Dry white wine
Extra virgin olive oil
Sea salt
Fresh ground black pepper
Small aluminum or cast iron baking dish (or you can use tin foil)

How It Works:

Preheat oven to 375 degrees F.

Toss each chicken breast by hand in a bowl with salt, pepper, olive oil, leaves from one rosemary sprig, asparagus and quarters of one large fresh tomato. It’s fine if the mixture gets good and juicy.

Place asparagus and most of the tomato quarters on the bottom of your small baking dish or hand made tin foil bowl. Pop the chicken breast and rosemary leaves on top. With a small sharp knife (or your fingers) make space between the chicken skin and the chicken breast – without pulling the skin off.

Cut thin slices of your garlic herb goat cheese and slide them into the pocket between the chicken breast and skin. Also add one large basil leaf, then tuck skin back over breast as smoothly as possible.

Sprinkle more salt and pepper over the top of your breast, as well as the remaining tomato quarters and rosemary. Drizzle with a bit of dry white wine and a bit more olive oil.

Bake approximately 30 – 35 minutes until the skin is crispy and golden brown, and the chicken is cooked through but still moist and tender (not dry).

Lovely in its juices and tin foil nest

As you can see, this recipe works very nicely with chicken thighs as well... we made a large batch of both breasts and thighs and they were all succulent.

Looks like you've been cooking all day!

Serves 4.

Monday, September 15, 2008

Gorgeous Fresh Marinara Sauce
Meatballs Optional

In our home, food goes a long way to ease an aching heart. I guess some would call that a problem… but we don’t see it that way. Our family (and extended family) just really loves savory aromas, the process of cooking a delicious meal and sitting down a table together to share our dining experience. Perhaps it is the companionship, conversation or togetherness time that gives us these warm feelings about food. Either way, some favorite dishes rise above the rest in terms of the comfort and satisfaction they bring after a long weary day.

Spaghetti with meatballs is definitely one of those meals that seem to leave my husband and children smiling and relaxed. It’s a fairly straightforward dish, easy to make and mercifully difficult to mess up. Many of our vegetarian friends love my recipe for its marinara sauce alone... but if you’re looking for a walk on the wilder side of meat, try coupling it with these mouth-watering meatballs made from ground buffalo... the leaner, lower-cholesterol cousin of ground beef.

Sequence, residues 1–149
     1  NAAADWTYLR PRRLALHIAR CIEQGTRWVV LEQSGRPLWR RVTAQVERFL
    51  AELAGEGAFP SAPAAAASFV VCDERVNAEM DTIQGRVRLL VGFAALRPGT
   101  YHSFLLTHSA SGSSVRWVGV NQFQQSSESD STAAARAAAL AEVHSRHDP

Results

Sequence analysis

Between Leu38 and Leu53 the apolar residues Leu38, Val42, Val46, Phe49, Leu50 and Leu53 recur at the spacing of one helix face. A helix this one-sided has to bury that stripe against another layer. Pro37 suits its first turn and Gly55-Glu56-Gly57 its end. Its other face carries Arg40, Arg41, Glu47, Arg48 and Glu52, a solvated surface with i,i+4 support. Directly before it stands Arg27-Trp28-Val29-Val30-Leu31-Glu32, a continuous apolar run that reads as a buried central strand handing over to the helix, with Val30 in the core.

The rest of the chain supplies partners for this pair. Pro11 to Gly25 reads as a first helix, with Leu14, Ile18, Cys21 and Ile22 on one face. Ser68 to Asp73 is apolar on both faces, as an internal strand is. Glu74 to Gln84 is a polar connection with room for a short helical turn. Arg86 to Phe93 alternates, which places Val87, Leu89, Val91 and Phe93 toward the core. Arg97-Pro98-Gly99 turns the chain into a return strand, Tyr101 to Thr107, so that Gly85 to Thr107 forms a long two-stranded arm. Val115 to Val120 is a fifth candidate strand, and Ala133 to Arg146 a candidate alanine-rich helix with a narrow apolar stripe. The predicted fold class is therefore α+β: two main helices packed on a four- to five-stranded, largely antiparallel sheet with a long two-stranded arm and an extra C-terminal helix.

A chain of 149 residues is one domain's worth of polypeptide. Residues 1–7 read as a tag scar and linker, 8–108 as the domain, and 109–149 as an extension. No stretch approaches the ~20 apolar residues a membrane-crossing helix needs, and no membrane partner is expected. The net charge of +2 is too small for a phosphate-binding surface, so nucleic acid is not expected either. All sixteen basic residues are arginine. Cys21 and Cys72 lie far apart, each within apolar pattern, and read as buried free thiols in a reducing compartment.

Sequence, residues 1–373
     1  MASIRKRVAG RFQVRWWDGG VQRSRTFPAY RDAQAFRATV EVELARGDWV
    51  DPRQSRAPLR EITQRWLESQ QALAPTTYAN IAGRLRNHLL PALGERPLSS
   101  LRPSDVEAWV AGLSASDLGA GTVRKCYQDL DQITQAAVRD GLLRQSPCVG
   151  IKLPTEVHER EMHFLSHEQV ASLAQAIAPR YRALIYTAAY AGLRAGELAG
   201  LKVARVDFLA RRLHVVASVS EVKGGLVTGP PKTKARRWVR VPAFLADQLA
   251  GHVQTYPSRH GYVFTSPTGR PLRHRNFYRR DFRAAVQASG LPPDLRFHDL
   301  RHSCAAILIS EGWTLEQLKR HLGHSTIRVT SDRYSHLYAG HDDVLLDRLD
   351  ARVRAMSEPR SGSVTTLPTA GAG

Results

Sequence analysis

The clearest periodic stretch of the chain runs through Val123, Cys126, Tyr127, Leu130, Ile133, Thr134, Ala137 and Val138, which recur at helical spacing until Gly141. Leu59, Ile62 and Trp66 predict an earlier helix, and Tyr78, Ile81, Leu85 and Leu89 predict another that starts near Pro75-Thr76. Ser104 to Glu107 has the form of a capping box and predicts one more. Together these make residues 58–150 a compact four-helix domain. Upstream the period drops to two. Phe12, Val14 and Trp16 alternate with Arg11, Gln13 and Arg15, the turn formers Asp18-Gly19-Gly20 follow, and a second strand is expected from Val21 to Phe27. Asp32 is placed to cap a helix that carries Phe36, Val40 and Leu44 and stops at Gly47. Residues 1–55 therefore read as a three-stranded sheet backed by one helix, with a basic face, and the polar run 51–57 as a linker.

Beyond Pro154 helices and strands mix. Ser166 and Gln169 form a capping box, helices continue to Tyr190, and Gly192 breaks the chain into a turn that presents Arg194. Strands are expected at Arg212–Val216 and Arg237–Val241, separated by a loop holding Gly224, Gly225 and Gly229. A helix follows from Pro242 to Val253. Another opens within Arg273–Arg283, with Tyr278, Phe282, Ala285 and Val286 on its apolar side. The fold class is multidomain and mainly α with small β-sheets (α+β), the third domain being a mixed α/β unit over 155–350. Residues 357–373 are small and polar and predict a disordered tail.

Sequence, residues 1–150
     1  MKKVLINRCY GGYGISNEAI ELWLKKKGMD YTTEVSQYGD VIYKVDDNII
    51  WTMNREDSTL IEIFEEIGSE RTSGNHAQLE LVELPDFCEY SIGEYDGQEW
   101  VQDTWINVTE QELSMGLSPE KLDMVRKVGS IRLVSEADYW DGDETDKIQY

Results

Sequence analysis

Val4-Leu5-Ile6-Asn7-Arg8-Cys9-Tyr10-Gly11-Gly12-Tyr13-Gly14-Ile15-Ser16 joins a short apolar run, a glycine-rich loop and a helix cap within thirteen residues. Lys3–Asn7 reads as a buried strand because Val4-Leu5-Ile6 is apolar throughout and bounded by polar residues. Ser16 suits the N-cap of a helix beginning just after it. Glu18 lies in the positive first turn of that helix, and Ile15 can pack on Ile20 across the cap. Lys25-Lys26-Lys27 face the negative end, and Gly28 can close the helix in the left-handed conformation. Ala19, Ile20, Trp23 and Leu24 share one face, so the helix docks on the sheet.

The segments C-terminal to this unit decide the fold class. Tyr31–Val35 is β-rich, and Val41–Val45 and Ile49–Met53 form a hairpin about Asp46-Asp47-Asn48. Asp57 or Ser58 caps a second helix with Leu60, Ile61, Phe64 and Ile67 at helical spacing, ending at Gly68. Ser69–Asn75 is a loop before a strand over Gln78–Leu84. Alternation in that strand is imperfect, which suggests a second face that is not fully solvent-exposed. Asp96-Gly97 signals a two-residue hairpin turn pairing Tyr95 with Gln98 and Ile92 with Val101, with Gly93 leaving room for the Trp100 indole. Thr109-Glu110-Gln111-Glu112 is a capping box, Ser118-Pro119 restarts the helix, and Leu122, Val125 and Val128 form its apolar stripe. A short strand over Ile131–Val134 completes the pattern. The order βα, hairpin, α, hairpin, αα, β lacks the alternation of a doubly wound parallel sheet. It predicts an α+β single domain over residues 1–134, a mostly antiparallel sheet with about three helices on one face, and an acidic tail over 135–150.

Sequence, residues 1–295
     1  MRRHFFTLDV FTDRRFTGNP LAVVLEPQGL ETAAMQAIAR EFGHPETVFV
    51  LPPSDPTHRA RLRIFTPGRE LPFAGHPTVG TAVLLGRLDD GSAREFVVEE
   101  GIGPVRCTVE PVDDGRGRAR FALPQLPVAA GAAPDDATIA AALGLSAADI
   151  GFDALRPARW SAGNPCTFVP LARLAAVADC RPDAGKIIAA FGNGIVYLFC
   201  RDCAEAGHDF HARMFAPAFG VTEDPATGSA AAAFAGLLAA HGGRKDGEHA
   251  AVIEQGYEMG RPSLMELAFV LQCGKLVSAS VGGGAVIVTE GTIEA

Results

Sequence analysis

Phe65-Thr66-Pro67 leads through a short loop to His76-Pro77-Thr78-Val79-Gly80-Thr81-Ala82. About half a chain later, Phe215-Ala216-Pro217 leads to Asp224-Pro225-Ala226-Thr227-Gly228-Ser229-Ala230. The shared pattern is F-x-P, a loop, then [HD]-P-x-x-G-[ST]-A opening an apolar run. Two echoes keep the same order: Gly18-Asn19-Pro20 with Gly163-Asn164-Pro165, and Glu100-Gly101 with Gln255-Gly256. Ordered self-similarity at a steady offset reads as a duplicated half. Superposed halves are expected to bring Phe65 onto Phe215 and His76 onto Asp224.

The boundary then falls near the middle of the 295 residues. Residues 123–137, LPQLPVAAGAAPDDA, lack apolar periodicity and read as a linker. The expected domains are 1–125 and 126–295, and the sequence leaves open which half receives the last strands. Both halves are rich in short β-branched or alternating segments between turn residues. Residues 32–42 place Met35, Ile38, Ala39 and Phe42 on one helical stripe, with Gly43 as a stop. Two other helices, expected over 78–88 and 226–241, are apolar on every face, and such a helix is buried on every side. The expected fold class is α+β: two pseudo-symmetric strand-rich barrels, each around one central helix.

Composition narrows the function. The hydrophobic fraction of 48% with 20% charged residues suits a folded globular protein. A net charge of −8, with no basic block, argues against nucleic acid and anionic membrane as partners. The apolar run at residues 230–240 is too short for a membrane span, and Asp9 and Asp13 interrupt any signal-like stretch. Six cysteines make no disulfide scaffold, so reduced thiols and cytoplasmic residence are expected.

Gorgeous Fresh Marinara Sauce, Meatballs Optional

What You’ll Need:

For the Marinara Sauce...

6 fresh basil leaves, finely minced
5 – 7 garlic cloves, finely minced
1 large onion, chopped
6 large fresh tomatoes (preferably home grown!)
24 oz Muir Glen tomato sauce
1 tsp oregano
½ tsp Italian seasoning
½ tsp crushed red pepper flakes
1 dash Old Bay Seasoning
1 tsp fresh ground black pepper
½ tsp sea salt
1 bay leaf
¼ cup and 1 large dash extra virgin olive oil
¼ cup dry white wine
1 small hunk of Parmesan cheese rind

For the optional Buffalo Meatballs...

10 oz ground buffalo meat
1 dried red chile, finely ground with food processor
¼ tsp nutmeg
4 garlic cloves, minced
½ to 1 tsp ground black pepper
½ tsp sea salt
1 egg
¼ cup grated Parmesan cheese
Zest of two small limes
A touch of cinnamon


1 lb rice spaghetti or angel hair pasta (I use Tinkyada)

How It Works:

In a food processor, combine your basil leaves and fresh tomatoes and puree them until they are the lovely scent and consistency of cold gazpacho. Set aside. Next, finely mince your garlic and about 1/3 of your large onion in the same food processor until they are mostly liquid. Pour a large dash (more like a glug) of olive oil into a 3 quart pot and heat at medium temperature until warm but not smoking. Add the garlic/onion liquid and stir it with a wooden spoon until it becomes fragrant. Add all spices and seasonings except the Bay leaf and Parmesan rind, and continue to stir. Pour in the rest of your chopped onions, and sauté them in the seasoning mixture until they turn translucent.

Pour your puree of fresh tomatoes and basil into the pot and combine it well by stirring. Add the tomato sauce, white wine and ¼ cup olive oil. Stir well and bring to a boil. Once boiling, reduce heat to low and simmer partially covered for 60 – 90 minutes. (Add your Parmesan rind and Bay leaf at this juncture, as you begin to simmer the sauce.) The longer you simmer it, the more delicious it will taste.

Remove the Bay Leaf and Parmesan rind before serving.

Serves 4 comfortably.

Buffalo meatballs....

Although I’ve made a few clear adaptations here (buffalo meat, lime zest) this is basically Jamie Oliver’s meatball recipe. Please click here to learn how to make his absolutely fabulous Ragu of Tiny Meatballs to accompany my original marinara sauce.

Surprisingly delicious... and much more nutritious than ground beef!

Who knew spicy buffalo meatballs = modern art?

Sizzle, yum!

Saturday, September 13, 2008

Salmon Stroganoff
with Butter Dill Fettuccine

As a child my all-time favorite food was stroganoff. It isn’t really that I had such sophisticated tastes... more likely, my mother was merely a charismatic cook that somehow managed to sell me on the idea of eating steak and pasta in a mushroom sauce. However it happened, I requested her stroganoff for every single birthday dinner from the age of six to nearly fifteen (when my parents stopped eating meat).